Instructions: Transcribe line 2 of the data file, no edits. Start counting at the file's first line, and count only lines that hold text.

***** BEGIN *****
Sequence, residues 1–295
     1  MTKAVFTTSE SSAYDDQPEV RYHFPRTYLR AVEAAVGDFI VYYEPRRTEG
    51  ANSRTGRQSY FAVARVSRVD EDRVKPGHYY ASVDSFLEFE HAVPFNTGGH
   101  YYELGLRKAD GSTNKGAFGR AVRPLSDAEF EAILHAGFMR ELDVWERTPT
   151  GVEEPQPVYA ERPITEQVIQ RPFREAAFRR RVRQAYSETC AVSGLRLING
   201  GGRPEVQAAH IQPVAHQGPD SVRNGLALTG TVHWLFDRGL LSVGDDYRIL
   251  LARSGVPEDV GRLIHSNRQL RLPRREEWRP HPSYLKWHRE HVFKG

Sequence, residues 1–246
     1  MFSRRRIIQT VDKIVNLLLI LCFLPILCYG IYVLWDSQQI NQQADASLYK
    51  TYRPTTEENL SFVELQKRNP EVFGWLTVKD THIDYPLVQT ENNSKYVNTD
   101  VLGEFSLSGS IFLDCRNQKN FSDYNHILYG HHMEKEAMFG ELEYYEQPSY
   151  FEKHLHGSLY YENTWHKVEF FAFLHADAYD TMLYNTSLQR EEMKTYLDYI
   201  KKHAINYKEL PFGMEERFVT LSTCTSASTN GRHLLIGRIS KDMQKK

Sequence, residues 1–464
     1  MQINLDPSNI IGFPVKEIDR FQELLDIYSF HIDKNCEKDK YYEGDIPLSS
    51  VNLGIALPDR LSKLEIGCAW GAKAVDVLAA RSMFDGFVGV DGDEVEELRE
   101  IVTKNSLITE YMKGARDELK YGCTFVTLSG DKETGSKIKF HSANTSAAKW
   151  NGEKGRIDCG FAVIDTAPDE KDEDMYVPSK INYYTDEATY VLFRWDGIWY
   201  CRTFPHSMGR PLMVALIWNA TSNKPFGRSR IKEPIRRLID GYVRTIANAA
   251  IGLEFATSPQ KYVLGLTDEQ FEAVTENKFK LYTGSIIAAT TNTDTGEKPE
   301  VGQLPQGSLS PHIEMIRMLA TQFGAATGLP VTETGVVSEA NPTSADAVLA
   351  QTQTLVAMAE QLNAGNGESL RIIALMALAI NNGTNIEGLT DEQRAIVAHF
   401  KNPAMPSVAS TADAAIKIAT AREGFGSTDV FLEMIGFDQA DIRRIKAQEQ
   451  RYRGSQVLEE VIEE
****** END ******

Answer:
     1  MTKAVFTTSE SSAYDDQPEV RYHFPRTYLR AVEAAVGDFI VYYEPRRTEG